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AEB-2 & AUB-2 Scroll Basses
Design and Construction Details:
Building The Body

Here is a stack of bodies, complete and ready for paint. The long brass bars that connect the tailpiece to the bridge can be seen sticking out of the tailpiece pocket. The four round holes are vents for the acoustic chambers surrounding the bridge area.

Here are the front and back of a body with all of the internal routing completed. You can see the undercut areas of the F-holes and the acoustic chambers.

A completed body for a left hand instrument, the third I've built so far.

The pickguard is fitted to the body and trimmed around the edges of the F-holes, the neck pocket, and the tailpiece pocket.

Here's my clamping rig for edge gluing the ash boards for the body. Each of the three boards being glued here will be cut in half and become the top and back for one body.

The body of the AEB-2/AUB-2 is made in four pieces; two halves of the top and two halves of the back. The pieces aren't "bookmatched", but they are all cut from the same board, so they are consistent in weight and appearance. All of the glue joints are done with Smith's Tropical Hardwood Epoxy, which is a special blend that's designed for hardwoods.

First, a long narrow board is crosscut in two, and the two parts are jointed and edge glued together. This board is then crosscut in two again, and the two parts become the top and back of one body. The acoustic chambers and the undercut areas around the inside of the F-holes are routed into the top & back before they are glued together. Then, a series of routing operations cut the control cavities, F-holes, etc. Even with all the fixtures that I've built, it takes me about 5 hours to make each body, not including the paint.

I've been experimenting with different woods for the body, and I've settled on western white ash (not "swamp" ash) as the best for this instrument. It has the characteristics that I need to create the tone that I want, and it's consistent and readily available. It also has a very dramatic grain that looks great with the sunburst finish. During the development, I've built and tested bodies made of maple, koa, Honduras mahogany, and Philippine mahogany. It turns out the center area of the body between the neck pocket and the bridge plays an important part in shaping the tone of the instrument. The stiffness and damping properties of the wood in that area make a big difference.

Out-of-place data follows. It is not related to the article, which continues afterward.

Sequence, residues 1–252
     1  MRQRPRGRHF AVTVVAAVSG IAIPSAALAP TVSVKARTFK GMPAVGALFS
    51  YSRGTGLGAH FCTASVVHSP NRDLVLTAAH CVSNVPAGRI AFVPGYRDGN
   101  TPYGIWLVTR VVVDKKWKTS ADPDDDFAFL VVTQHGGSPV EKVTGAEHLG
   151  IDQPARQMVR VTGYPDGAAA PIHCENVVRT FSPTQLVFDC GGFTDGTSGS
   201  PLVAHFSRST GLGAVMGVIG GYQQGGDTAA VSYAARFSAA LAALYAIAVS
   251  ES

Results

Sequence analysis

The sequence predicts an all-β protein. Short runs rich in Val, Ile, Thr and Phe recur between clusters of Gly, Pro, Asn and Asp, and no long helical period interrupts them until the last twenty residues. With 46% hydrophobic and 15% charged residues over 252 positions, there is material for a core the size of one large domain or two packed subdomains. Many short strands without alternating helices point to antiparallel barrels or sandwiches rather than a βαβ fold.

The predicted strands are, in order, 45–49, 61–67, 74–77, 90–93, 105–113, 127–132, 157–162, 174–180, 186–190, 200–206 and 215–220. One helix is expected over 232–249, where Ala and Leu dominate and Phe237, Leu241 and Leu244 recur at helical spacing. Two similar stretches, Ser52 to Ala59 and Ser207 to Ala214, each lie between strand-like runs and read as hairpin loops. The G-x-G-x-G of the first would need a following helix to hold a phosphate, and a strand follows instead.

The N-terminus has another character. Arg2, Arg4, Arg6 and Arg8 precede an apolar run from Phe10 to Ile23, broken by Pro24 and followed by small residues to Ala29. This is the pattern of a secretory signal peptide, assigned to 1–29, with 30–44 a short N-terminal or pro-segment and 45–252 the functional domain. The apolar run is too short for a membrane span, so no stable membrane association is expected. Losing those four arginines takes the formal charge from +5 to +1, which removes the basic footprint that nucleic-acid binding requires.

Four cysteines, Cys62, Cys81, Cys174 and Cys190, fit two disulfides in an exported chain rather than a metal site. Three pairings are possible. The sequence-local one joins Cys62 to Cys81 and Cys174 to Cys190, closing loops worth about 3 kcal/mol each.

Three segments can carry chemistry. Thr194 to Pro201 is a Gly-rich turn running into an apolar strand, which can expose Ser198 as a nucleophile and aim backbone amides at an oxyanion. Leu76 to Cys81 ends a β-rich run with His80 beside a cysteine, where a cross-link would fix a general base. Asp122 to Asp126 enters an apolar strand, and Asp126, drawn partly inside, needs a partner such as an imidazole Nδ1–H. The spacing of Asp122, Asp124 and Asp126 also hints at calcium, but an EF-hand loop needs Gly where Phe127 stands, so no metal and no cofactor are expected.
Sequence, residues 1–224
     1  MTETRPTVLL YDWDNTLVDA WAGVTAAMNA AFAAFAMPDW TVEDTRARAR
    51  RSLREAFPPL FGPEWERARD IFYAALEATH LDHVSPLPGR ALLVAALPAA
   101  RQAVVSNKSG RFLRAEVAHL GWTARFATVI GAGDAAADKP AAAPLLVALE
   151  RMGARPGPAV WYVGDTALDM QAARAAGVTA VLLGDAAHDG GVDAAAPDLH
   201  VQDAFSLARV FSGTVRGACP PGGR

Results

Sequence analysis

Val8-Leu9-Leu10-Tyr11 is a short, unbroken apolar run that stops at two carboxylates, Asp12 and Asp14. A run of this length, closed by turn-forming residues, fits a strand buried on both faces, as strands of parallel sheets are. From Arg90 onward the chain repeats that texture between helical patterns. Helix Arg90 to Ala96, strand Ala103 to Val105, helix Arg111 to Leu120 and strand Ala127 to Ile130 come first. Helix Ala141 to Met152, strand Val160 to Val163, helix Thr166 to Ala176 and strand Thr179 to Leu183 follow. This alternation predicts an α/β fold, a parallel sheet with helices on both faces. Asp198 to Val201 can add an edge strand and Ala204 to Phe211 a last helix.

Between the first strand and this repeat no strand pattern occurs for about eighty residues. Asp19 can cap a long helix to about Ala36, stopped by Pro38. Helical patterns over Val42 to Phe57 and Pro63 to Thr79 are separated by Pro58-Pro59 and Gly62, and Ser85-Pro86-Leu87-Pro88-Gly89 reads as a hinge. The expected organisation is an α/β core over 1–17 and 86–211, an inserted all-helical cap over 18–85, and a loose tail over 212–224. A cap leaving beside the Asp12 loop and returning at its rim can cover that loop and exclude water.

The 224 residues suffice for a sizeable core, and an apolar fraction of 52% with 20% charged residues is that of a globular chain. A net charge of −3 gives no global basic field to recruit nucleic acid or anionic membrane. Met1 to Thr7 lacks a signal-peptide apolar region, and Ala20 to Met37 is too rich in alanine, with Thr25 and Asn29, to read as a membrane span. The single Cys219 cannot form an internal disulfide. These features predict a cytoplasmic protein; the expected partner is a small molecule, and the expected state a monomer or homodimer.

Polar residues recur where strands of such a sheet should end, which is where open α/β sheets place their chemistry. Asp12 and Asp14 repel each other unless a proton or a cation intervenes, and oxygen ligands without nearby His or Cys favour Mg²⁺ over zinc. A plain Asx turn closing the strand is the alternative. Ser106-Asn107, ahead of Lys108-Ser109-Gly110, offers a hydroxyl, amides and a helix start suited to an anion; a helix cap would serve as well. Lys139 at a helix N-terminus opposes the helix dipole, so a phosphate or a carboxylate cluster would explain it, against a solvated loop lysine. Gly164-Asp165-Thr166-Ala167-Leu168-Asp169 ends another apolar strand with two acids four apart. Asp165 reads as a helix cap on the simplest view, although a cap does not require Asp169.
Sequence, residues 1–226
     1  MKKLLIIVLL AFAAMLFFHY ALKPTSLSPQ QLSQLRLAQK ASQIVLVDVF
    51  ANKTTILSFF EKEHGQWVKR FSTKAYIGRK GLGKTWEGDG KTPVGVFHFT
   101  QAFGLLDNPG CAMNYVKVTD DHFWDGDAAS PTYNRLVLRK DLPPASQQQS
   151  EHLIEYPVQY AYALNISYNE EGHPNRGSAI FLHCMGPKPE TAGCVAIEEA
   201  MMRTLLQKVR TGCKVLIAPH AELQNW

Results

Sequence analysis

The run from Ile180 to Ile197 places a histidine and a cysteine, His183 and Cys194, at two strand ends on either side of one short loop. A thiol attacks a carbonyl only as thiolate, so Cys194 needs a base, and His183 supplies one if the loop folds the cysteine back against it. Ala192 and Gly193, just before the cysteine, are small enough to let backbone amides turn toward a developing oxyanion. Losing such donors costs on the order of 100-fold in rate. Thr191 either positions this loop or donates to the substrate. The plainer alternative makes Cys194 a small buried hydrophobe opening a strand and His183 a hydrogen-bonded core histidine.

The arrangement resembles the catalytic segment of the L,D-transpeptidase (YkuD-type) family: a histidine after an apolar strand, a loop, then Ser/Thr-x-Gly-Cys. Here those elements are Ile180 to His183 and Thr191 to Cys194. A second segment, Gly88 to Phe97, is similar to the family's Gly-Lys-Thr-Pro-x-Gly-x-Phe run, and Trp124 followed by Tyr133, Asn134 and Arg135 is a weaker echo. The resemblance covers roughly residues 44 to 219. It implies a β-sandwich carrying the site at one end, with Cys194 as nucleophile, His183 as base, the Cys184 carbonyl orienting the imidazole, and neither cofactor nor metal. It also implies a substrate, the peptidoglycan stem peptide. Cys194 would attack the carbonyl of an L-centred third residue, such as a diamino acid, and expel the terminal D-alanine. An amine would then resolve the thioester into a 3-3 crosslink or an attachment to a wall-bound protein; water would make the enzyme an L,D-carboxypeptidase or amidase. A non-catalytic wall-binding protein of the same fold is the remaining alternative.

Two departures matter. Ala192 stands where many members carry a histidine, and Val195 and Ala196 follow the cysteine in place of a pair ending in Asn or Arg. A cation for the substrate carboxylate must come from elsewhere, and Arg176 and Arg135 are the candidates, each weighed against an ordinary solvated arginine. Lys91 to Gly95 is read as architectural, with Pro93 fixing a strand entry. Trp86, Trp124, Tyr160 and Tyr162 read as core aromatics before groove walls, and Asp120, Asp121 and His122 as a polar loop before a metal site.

I've found that the ash bodies give the instrument a strong, punchy mid range, and a lot of clarity at the bottom end. Ash just has a clear, reverberant ring to it when you knock on it. In comparison, instruments with mahogany bodies lose some of the low-mid range clarity and volume, but have a "sweeter" or warmer high end. That's because the mahogany body is weaker and more flexible than the ash body, so it's flexing more each time the string oscillates, particularly at lower frequencies. On an oscilloscope, the weaker body drains energy out of the strings, making the frequency spikes lower in amplitude, but wider at the bottom.

My goal was to combine the best of both of these tonal characteristics, so I took the approach of starting with an ash body, and then gradually weakening it structurally in the center area to bring out the sweeter high end. I did this by routing pockets into the inside of the top and back before gluing them together, leaving a group of hollow chambers seperated by thin walls of solid wood.

It's a little misleading to call these hollow areas "acoustic chambers", because they work in a different way than the chambers in an acoustic instrument. Their purpose isn't to generate audible tone by moving air; it's to change the way the body flexes. A better term might be "weakening holes", but "acoustic chambers" is probably less confusing. They do change the tone of the instrument, but in a roundabout way by altering the frequency profile of the vibrating string. This, in turn, can be heard and felt when the instrument is played unplugged, and of course it's detected by the pickup system and sent to the amp.

The important point is that the acoustic chambers, as used here, do not make the AEB-2/AUB-2 loud enough to be played unplugged as an acoustic instrument. This is still an electric bass that requires an amplifier! However, it is very resonant compared to most basses, and you can really feel it vibrating against you.

Anyway, I experimented with different sizes and shapes of the acoustic chambers on six of the prototypes before I settled on the configuration that seems to work best. It sweetens the high end almost as much as mahogany bodies, but without losing the clarity and punch of the solid ash body. The chambers also added some more sustain and "bloom" to the tone, which is the opposite of what I would expect. They also cut almost a pound off the overall weight, which never hurts! So, this design body is now on all instruments from #022 on, and many of the earlier prototypes have been retrofitted.

In early '97, I built three prototypes with maple bodies, as was used on the original Ampegs. They turned out to be overkill on the AEB-2/AUB-2. These instruments had tremendous clarity and sustain, but they were too cold and synthetic sounding. They also weighed more than 11 pounds! I sold one of them, AEB-2 #004, and its owner loves it for studio work, where he uses lots of effects. The other two, AUB-2 #003 and AUB-2 #005, have since been refitted with chambered ash bodies.

More Images Of Bodies Under Construction...